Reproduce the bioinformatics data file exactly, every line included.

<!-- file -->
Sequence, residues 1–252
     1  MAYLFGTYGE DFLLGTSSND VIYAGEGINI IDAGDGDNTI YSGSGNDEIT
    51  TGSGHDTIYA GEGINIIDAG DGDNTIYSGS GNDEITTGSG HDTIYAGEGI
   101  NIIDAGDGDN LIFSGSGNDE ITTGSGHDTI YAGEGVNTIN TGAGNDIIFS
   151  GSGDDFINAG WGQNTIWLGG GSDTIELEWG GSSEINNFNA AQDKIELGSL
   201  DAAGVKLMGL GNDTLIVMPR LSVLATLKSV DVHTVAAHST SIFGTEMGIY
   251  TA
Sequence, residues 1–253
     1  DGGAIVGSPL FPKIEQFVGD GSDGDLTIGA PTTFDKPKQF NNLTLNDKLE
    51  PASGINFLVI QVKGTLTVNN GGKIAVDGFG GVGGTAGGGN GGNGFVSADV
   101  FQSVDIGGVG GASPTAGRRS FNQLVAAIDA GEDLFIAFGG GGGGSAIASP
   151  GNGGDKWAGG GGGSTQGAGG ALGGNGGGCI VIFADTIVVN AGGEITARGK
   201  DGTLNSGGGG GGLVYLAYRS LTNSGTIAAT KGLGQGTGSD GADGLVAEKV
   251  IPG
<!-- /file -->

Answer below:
Sequence, residues 1–252
     1  MAYLFGTYGE DFLLGTSSND VIYAGEGINI IDAGDGDNTI YSGSGNDEIT
    51  TGSGHDTIYA GEGINIIDAG DGDNTIYSGS GNDEITTGSG HDTIYAGEGI
   101  NIIDAGDGDN LIFSGSGNDE ITTGSGHDTI YAGEGVNTIN TGAGNDIIFS
   151  GSGDDFINAG WGQNTIWLGG GSDTIELEWG GSSEINNFNA AQDKIELGSL
   201  DAAGVKLMGL GNDTLIVMPR LSVLATLKSV DVHTVAAHST SIFGTEMGIY
   251  TA
Sequence, residues 1–253
     1  DGGAIVGSPL FPKIEQFVGD GSDGDLTIGA PTTFDKPKQF NNLTLNDKLE
    51  PASGINFLVI QVKGTLTVNN GGKIAVDGFG GVGGTAGGGN GGNGFVSADV
   101  FQSVDIGGVG GASPTAGRRS FNQLVAAIDA GEDLFIAFGG GGGGSAIASP
   151  GNGGDKWAGG GGGSTQGAGG ALGGNGGGCI VIFADTIVVN AGGEITARGK
   201  DGTLNSGGGG GGLVYLAYRS LTNSGTIAAT KGLGQGTGSD GADGLVAEKV
   251  IPG